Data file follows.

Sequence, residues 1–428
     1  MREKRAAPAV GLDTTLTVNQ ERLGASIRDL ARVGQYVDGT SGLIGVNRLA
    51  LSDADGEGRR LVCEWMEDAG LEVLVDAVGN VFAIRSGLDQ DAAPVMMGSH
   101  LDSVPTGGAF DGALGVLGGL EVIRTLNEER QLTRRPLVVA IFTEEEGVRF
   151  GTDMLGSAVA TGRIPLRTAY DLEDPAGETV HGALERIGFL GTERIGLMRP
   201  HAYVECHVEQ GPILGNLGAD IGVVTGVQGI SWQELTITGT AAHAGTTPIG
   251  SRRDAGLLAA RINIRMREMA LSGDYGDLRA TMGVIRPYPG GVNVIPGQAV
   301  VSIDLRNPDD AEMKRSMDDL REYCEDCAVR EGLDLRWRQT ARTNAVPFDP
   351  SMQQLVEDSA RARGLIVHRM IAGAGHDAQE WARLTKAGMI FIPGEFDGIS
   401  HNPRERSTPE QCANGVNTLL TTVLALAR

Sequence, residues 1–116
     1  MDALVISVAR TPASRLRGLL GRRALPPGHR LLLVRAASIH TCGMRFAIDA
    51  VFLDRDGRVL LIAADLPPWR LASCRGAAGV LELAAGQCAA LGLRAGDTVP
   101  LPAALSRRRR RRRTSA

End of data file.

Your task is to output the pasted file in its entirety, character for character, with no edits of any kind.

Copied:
Sequence, residues 1–428
     1  MREKRAAPAV GLDTTLTVNQ ERLGASIRDL ARVGQYVDGT SGLIGVNRLA
    51  LSDADGEGRR LVCEWMEDAG LEVLVDAVGN VFAIRSGLDQ DAAPVMMGSH
   101  LDSVPTGGAF DGALGVLGGL EVIRTLNEER QLTRRPLVVA IFTEEEGVRF
   151  GTDMLGSAVA TGRIPLRTAY DLEDPAGETV HGALERIGFL GTERIGLMRP
   201  HAYVECHVEQ GPILGNLGAD IGVVTGVQGI SWQELTITGT AAHAGTTPIG
   251  SRRDAGLLAA RINIRMREMA LSGDYGDLRA TMGVIRPYPG GVNVIPGQAV
   301  VSIDLRNPDD AEMKRSMDDL REYCEDCAVR EGLDLRWRQT ARTNAVPFDP
   351  SMQQLVEDSA RARGLIVHRM IAGAGHDAQE WARLTKAGMI FIPGEFDGIS
   401  HNPRERSTPE QCANGVNTLL TTVLALAR

Sequence, residues 1–116
     1  MDALVISVAR TPASRLRGLL GRRALPPGHR LLLVRAASIH TCGMRFAIDA
    51  VFLDRDGRVL LIAADLPPWR LASCRGAAGV LELAAGQCAA LGLRAGDTVP
   101  LPAALSRRRR RRRTSA